Sugar Boat

30 Colquhoun Square, Helensburgh

01436 647 522

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Lunch/Dinner: £10-£30

Food rating: 9½/10

I’VE been aware of attempts to build up Helensburgh’s profile as a good food destination, but as luck would have it, I ended up there just as day one of the town’s first food and drink festival was packing up. Bad planning that, but in my defence I’d point out that with attractions in the vicinity, such as Geilston Gardens and Charles Rennie Mackintosh’s Hill House, it’s easy to get waylaid. But stepping into the newly opened Sugar Boat, it’s clear that Helensburgh’s rebranding as a place with more to offer than a poke of chips while shivering on a seaside bench, is no overnight sensation.

I’d be happy to find a restaurant like Sugar Boat anywhere. It’s a properly professional outfit with a breezy metropolitan confidence that’s clearly based on time-served experience in smart outfits in London. So no provincial wannabe fine dining nonsense, no parochial "the locals wouldn’t eat that" hang-ups, no big fish in a small pond "look how clever I am" cockiness. It really is a pleasure to see an operation that’s so well thought-out: kitchen team, front of house, bar, drinks, they’re firing on all cylinders.

Sugar Boat shows ambition – it doesn’t play safe or stereotype its customers as conservative – yet realism about what people are likely to want to eat when, and how much they’ll be prepared to pay for it, means that its breakfast, lunch, and brunch menus all contain elements of the lip-smacking dinner menu: homemade corned beef, sauce ravigote, fish soup. Look, for once even kids get treated decently: a two-course menu for £6.50 with four sensible, yet healthy, savoury options, and three reasonable desserts.

From the restaurant we can see into the kitchen, a civilised space to work in, not the sadly all too common overheated hell-hole. The first thing I notice is how well the kitchen is staffed: I count four chefs and two kitchen porters. The next thing I see is how often the head chef tastes food, teaspoon at the ready to check flavour before each dish goes out. I’m also struck by just how "on it" the front of house staff is. Want something? You’ll get spotted instantly.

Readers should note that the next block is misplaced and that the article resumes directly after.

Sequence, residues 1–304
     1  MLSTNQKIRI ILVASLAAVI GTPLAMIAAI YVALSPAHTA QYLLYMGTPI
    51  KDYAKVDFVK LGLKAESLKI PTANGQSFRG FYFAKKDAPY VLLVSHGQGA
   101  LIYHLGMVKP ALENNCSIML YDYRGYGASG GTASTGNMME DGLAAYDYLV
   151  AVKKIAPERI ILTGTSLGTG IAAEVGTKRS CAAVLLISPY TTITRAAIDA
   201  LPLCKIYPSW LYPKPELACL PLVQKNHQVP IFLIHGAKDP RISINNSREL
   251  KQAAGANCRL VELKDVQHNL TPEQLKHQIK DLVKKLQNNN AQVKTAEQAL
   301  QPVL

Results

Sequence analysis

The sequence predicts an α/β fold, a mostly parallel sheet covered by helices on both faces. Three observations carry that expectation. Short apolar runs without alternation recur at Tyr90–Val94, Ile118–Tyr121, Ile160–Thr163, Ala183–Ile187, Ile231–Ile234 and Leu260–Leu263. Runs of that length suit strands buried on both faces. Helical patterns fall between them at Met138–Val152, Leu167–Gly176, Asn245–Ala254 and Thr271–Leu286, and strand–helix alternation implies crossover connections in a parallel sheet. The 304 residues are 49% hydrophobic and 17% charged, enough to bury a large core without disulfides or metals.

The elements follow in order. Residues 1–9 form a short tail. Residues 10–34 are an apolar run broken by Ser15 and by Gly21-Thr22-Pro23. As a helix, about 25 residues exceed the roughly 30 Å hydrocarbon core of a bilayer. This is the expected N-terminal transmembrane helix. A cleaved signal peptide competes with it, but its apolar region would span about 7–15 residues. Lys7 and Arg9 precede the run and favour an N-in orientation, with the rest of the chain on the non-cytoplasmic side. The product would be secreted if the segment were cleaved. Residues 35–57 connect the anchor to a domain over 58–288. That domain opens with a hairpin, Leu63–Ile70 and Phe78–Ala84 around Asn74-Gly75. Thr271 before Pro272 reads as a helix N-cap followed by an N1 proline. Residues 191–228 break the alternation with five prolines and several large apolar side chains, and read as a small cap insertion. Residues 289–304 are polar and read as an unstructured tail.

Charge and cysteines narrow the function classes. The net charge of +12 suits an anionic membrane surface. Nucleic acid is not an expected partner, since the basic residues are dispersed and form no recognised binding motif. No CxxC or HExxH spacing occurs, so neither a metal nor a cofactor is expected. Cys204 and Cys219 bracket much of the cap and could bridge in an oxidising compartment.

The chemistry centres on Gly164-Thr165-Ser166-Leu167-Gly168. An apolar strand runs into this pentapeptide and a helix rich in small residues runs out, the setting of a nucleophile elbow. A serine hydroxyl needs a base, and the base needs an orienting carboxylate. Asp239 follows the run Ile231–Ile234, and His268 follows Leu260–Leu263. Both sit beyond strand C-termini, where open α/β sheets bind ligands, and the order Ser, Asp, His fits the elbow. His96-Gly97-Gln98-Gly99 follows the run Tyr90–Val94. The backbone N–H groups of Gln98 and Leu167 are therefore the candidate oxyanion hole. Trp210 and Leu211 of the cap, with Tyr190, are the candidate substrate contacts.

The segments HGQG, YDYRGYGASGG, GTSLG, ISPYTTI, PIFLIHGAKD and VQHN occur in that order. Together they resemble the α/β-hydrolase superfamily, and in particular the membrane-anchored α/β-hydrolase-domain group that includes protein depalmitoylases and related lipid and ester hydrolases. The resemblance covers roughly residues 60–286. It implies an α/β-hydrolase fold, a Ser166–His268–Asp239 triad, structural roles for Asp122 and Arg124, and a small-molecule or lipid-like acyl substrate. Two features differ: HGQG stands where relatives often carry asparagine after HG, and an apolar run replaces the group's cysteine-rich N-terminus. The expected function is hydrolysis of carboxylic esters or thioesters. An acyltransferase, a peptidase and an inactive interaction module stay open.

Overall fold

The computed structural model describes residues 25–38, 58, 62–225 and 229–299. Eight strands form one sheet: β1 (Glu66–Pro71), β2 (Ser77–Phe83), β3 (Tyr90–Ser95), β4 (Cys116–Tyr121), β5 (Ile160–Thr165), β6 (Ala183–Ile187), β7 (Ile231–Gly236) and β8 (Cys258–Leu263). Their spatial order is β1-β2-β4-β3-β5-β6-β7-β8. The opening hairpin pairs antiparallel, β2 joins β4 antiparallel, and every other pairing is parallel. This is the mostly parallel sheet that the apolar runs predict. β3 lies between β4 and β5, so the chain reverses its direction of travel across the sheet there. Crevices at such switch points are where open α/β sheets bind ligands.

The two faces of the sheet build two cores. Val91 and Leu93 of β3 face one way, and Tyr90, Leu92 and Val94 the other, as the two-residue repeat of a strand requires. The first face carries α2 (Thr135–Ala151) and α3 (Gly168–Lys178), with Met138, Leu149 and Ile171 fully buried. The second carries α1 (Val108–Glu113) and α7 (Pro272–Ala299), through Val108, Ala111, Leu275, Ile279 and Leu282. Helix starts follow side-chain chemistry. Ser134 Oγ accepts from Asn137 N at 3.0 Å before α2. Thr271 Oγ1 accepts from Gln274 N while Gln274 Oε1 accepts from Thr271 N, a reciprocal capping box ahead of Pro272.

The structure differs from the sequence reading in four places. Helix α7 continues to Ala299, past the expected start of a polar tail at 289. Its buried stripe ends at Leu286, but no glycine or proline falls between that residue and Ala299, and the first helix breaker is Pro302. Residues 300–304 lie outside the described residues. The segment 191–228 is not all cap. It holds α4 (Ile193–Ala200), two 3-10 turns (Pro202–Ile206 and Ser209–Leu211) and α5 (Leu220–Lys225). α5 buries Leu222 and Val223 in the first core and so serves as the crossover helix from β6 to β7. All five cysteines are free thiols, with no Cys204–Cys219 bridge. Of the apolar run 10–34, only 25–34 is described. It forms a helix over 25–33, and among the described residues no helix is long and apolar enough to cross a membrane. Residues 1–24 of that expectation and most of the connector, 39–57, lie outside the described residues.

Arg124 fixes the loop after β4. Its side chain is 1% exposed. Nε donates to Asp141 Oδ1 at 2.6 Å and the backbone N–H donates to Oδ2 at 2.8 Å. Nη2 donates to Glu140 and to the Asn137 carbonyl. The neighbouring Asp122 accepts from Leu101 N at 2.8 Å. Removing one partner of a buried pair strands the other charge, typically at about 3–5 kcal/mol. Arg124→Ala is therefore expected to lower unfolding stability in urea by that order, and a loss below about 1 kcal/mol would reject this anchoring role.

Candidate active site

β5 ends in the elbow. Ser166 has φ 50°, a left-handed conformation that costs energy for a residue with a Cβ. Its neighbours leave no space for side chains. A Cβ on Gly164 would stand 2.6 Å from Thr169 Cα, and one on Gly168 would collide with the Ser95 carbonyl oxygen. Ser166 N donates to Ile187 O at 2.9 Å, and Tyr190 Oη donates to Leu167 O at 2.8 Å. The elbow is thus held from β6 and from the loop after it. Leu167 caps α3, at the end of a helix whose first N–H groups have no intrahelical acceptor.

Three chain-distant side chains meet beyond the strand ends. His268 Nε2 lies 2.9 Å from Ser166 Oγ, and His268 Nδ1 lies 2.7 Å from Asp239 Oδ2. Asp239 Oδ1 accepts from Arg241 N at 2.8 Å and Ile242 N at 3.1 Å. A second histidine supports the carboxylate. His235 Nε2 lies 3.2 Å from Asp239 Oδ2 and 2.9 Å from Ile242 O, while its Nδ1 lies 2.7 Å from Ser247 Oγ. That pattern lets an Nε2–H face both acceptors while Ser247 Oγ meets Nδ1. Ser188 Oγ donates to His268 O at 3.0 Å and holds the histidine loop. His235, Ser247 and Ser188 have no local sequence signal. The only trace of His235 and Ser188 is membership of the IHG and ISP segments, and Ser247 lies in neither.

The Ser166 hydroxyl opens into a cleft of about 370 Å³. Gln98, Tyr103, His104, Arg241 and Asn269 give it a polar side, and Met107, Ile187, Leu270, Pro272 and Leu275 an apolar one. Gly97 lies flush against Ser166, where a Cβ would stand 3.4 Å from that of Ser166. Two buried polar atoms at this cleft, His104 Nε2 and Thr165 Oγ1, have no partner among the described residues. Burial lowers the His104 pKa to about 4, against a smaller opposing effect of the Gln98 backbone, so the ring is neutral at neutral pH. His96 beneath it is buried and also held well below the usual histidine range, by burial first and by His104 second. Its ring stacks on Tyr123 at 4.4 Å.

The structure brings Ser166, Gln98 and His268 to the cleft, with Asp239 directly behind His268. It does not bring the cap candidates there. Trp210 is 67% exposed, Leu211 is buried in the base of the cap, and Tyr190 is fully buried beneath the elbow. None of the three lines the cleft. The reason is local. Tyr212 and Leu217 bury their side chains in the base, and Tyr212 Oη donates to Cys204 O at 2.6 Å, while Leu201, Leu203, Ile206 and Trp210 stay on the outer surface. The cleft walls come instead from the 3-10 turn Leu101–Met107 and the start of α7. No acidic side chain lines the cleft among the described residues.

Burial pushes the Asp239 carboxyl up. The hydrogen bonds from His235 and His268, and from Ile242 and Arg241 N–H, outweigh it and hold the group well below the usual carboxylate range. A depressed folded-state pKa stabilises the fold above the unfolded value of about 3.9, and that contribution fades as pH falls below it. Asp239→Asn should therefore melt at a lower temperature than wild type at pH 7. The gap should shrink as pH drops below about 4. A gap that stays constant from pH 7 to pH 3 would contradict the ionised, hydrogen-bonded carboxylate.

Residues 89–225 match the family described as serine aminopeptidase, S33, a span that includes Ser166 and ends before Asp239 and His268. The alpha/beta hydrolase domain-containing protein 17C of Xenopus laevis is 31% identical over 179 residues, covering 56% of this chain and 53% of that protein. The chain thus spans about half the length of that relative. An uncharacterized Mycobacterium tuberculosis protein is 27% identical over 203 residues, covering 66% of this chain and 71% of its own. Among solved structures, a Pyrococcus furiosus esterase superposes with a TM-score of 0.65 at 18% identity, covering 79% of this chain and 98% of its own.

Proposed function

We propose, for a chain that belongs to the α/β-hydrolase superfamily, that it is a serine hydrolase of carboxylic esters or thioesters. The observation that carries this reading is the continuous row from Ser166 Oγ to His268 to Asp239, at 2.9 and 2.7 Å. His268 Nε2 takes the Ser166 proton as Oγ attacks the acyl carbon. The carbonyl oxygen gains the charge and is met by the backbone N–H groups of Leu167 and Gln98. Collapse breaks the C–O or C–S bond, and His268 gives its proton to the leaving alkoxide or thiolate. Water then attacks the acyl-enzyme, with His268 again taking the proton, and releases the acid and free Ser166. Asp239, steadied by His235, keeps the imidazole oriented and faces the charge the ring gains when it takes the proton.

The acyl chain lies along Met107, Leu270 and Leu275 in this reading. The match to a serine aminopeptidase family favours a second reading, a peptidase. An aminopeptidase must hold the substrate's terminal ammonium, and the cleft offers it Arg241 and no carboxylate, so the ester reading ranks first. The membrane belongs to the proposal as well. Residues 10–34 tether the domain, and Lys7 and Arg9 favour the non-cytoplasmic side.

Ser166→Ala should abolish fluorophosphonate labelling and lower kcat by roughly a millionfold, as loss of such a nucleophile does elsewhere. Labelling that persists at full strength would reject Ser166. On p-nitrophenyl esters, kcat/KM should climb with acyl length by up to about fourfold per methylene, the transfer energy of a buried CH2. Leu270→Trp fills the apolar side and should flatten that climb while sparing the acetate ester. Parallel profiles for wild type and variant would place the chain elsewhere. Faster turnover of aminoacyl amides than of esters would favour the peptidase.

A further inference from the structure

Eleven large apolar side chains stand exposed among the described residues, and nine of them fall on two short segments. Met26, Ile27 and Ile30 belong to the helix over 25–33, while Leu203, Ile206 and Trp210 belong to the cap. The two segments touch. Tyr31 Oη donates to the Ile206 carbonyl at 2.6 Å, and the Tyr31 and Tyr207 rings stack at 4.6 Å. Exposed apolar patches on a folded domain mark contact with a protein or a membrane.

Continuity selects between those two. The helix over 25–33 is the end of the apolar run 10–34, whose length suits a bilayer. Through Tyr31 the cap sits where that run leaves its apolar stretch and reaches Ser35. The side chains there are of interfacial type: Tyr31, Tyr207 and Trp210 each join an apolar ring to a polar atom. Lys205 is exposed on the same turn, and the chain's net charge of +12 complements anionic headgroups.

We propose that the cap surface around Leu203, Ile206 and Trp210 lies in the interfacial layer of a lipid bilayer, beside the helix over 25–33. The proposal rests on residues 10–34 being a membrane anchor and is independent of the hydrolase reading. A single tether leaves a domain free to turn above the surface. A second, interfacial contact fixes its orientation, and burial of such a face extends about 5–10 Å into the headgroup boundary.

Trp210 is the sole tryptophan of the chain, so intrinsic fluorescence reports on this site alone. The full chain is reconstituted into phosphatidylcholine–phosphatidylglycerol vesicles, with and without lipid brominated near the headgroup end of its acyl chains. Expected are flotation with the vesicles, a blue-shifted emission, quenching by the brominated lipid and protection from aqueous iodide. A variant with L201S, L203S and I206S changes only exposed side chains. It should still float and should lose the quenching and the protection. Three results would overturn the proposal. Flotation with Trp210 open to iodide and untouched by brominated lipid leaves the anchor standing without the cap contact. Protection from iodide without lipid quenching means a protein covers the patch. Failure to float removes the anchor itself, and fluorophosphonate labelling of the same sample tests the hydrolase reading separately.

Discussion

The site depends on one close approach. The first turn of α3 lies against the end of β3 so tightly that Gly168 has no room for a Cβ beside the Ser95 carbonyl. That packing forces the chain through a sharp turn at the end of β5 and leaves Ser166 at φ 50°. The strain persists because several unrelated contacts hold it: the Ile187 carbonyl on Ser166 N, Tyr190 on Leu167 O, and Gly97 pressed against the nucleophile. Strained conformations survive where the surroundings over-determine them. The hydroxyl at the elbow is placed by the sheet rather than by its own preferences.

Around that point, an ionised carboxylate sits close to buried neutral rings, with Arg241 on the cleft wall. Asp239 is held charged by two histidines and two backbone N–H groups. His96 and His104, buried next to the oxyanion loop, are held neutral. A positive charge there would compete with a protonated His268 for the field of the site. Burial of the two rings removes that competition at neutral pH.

We needn’t have worried that the starter of "burrata, red cabbage, beetroot chutney, Ed’s bees Glasgow honey" would just amount to good sourcing. This was a shrewd exercise, juxtaposing the milkiness of the fresh cheese with nuanced sweetness (finely chopped, mildly spicy fruity beetroot/fragrant honey), and crunchiness (silkily thin red cabbage, vaguely pickled, with heaps of tiny capers). My prejudice that cooked leek is often stringy is reinforced, however, by a visually attractive braised and char-grilled offering, served at ambient temperature with goats’ curd, hazelnuts, and not enough of its excellent Merlot dressing.

But the leeks are the only hiccup. We’re on to the bouillabaisse, thick essence of seafood, the soup itself is testament to all that keen tasting, checking, flavour correcting in the kitchen. The fish – mullet, bass, cod – is pearlescent. Thin, brittle toasts are the vehicle for phenomenal rouille stained with a generous pinch of saffron strands that bleed their earthy colour and character into the emulsion.

Anyone who can’t see past fillet and sirloin needs to taste the Sugar Boat grilled bavette (flank) steak, a happy marriage of tenderness and taste. It comes with glazed shallots that melt and divine amber-crusted boulangère potatoes made with beef dripping, with tender ox shin layered up in them, all scented with thyme.

The strawberry millefeuille is faultless: crisply fired, textbook-perfect laminations of flaky pastry. I just wish there were more strawberries, or coulis, in or around it. Despite my smugness about my homemade crumble – restaurant versions never come close – I’m reluctantly forced to admit that this raspberry one, so short, so crumbly, leavened by flaked almonds, is pretty damn good too, and that’s before you get to the dreamy, eggy vanilla custard.

Sugar Boat is open for business seven days a week. If you ask me, it’s not just a new restaurant for Helensburgh, but also a rather remarkable community asset.